NE-AUA 2006 Annual Meeting, September 28 - 30, 2006, The Westin Hotel & Rhode Island Convention Center Providence, Rhode Island
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Stentless Laparoscopic Partial Nephrectomy with Collecting System Entry
Christopher M. Lodowsky, MD, Gjanje Smith, md, Ralph Zagha, MD, Ingolf Tuerk, MD, PhD.
Lahey Clinic Medical Center, Burlington, MA,

Abstract: Conventional teaching advises placement of ureteral stents when the collecting system is violated during open or laparoscopic partial nephrectomy. Our goal is to determine if patients with a collecting system entry during laparoscopic partial nephrectomy managed without intraoperative placement of ureteral stent had a similar postoperative course compared to those who had ureteral stent placed.
Methods: Patients with a renal lesion suspicious for carcinoma who were treated with a laparoscopic partial nephrectomy were identified from a single surgeonís (IT) case log between October 2003 and April 2006. Upon retrospective review of a total of 66 cases, 24 patients were found to have entry into the collecting system. Collecting system entry was defined during the time of surgery by the primary surgeon. The following criteria were used: visualization of the collecting system, extravasation of urine or upon suspicion of entry the use of indigo carmine. From the initial evaluation to the follow-up, all of these patients had the same standard of care. However, the intraoperative management of the collecting system injury differed between two groups. Group A included 9 patients who had a ureteral stent placed during the initial surgery. Group B included 13 patients who did not have a ureteral stent placed during the initial surgery.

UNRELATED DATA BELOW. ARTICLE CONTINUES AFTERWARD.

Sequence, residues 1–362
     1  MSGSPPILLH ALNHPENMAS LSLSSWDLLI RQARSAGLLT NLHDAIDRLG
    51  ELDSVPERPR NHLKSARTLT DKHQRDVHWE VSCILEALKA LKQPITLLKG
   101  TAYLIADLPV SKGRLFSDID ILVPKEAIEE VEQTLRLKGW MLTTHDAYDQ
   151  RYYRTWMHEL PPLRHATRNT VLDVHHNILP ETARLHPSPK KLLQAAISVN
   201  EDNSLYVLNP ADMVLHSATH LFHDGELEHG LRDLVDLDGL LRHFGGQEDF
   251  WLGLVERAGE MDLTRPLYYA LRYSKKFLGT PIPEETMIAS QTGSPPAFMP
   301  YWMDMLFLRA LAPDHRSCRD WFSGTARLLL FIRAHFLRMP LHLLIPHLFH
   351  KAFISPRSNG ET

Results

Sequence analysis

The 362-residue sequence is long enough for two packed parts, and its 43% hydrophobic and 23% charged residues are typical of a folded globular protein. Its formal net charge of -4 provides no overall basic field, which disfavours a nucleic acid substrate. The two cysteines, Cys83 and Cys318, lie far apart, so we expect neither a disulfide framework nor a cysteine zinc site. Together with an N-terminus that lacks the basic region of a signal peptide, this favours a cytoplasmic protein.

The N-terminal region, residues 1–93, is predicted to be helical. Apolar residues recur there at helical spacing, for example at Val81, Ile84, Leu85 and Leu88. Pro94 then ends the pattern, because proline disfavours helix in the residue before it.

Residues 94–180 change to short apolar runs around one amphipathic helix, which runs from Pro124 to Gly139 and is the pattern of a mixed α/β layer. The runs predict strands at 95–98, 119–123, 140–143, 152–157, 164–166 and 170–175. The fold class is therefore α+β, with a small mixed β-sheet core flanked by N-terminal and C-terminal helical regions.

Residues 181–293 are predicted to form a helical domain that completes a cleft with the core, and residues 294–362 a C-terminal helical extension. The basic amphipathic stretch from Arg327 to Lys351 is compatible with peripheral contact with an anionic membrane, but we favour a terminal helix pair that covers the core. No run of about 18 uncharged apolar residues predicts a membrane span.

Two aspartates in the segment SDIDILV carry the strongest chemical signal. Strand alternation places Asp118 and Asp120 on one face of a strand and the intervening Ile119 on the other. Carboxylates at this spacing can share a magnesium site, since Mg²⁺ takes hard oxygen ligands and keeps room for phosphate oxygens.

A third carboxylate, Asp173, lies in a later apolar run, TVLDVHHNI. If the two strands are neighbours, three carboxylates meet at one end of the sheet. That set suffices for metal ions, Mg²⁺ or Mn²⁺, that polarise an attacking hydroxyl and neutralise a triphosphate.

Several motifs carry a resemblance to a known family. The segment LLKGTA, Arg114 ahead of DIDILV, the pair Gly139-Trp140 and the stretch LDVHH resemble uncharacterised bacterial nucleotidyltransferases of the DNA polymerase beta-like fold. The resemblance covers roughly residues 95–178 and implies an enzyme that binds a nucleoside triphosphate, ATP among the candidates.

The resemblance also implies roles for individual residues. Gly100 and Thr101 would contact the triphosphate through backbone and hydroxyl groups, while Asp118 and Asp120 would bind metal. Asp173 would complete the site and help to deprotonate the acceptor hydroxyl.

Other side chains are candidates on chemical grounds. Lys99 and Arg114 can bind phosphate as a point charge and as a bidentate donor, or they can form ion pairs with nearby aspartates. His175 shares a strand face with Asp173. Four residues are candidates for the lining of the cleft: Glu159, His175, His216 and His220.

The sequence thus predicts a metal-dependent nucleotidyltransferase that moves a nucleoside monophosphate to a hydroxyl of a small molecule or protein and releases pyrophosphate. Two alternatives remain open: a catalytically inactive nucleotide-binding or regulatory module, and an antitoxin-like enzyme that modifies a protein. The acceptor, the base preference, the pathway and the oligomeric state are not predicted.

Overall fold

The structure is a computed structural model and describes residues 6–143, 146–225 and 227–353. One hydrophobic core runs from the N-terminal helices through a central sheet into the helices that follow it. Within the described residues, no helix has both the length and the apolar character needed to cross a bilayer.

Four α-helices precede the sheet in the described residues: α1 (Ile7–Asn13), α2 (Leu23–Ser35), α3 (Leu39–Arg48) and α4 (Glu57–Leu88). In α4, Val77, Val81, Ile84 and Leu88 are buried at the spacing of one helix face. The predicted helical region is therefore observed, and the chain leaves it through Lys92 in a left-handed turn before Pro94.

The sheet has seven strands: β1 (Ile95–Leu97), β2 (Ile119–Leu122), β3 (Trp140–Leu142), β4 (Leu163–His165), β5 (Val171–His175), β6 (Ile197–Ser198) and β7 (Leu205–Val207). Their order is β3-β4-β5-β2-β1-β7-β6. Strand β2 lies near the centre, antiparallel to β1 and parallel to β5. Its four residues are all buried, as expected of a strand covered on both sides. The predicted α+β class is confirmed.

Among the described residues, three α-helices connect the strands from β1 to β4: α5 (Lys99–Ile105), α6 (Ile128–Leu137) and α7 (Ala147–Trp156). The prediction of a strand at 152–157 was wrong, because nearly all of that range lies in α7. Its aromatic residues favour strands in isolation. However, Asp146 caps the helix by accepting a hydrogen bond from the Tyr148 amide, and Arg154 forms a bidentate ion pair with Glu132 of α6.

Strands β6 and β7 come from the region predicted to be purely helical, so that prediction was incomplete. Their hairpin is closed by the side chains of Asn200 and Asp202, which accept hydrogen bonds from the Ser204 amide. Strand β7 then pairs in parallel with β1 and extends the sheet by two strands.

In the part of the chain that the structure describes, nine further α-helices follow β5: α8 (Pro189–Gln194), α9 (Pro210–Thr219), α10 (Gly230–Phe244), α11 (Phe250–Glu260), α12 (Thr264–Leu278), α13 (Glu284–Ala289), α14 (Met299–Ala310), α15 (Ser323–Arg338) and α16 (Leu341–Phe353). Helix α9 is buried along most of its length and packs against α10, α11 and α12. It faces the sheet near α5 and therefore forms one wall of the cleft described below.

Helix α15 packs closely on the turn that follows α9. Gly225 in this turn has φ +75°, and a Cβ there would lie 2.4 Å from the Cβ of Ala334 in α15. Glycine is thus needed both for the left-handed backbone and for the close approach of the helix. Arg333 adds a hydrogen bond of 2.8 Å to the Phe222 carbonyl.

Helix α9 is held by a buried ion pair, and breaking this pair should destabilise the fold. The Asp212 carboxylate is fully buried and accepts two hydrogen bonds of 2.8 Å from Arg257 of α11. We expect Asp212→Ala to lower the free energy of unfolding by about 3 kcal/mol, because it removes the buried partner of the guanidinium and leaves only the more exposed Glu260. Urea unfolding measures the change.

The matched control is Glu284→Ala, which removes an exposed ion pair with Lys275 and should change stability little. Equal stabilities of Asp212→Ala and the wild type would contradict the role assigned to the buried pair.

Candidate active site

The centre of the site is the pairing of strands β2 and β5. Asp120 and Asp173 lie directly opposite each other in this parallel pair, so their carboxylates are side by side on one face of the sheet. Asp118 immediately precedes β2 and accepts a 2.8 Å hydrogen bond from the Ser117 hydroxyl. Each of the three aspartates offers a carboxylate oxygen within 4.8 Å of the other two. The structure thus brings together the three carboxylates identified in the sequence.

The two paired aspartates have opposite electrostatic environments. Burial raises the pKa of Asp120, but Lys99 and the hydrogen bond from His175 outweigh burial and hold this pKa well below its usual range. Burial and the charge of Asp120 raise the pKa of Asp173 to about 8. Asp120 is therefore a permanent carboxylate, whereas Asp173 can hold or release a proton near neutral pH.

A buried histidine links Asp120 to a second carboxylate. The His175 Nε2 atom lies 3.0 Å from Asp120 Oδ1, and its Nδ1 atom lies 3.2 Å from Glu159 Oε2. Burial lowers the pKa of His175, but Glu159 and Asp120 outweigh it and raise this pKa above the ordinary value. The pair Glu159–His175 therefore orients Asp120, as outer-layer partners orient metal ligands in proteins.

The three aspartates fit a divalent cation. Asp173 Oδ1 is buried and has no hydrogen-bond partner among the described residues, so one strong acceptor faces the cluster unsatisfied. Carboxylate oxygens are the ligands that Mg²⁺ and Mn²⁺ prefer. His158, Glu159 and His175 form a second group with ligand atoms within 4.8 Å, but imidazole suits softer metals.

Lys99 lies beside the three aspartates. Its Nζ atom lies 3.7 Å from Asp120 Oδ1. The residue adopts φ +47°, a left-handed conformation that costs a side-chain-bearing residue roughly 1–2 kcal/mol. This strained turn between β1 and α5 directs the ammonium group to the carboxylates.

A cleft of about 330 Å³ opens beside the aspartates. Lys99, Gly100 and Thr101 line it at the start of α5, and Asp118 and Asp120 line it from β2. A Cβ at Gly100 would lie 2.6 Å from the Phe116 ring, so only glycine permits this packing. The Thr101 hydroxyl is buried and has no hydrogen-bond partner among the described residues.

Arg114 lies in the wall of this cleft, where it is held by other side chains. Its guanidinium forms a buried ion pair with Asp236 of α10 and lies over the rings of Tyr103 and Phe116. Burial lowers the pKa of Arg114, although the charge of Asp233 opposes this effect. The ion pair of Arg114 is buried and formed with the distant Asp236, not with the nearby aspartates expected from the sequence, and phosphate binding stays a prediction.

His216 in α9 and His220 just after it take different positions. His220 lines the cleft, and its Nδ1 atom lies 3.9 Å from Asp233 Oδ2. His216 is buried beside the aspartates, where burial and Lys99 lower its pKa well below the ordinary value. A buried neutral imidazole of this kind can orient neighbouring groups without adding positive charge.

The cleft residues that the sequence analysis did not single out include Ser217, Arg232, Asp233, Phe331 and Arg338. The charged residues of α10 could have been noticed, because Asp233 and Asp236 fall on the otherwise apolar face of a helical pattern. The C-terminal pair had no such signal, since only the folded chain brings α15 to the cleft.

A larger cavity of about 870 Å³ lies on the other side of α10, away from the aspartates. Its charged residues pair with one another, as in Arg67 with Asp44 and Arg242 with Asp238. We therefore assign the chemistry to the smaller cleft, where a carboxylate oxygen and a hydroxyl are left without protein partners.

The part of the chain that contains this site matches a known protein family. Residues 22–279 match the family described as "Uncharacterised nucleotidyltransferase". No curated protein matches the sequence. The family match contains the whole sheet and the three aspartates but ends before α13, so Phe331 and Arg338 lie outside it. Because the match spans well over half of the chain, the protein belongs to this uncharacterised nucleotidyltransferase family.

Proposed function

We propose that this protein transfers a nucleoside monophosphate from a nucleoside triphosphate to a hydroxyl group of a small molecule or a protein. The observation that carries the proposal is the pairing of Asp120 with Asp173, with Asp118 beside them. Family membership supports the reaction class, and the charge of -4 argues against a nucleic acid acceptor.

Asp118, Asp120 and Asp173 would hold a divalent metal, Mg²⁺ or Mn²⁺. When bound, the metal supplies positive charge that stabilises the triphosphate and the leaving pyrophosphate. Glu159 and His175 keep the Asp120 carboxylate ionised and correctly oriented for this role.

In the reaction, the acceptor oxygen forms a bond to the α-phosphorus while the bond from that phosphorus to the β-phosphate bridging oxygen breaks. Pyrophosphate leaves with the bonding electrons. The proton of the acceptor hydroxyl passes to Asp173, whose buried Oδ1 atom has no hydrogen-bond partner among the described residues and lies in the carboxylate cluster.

Results: A total of 22 patients who underwent a laparoscopic partial nephrectomy for a renal lesion suspicious for carcinoma had a collecting system injury; 9 in Group A and 13 in Group B. Mean followup for the study population was 21 months. There was no statistical difference between the groups when comparing demographic characteristics, tumor location, operative data, and oncological outcome. The average tumor size for Group A was 2.6 cm and for Group B was 3.8 cm. Group A had no postoperative complications but did require an additional office procedure for removal of the ureteral stent. In Group B, two patients developed a urine leak. One patient was treated with ureteral stent and foley catheter, and the other with ureteral stent, foley catheter, and percutaneous drainage of a perinephric urinoma.
Summary: Avoiding routine ureteral stent placement during laparoscopic partial nephrectomy with collecting system entry is safe and feasible. Careful patient selection with intraoperative decision making is critical in avoiding postoperative complications. A heightened awareness of signs and symptoms of urine leak is necessary to best care for these patients.


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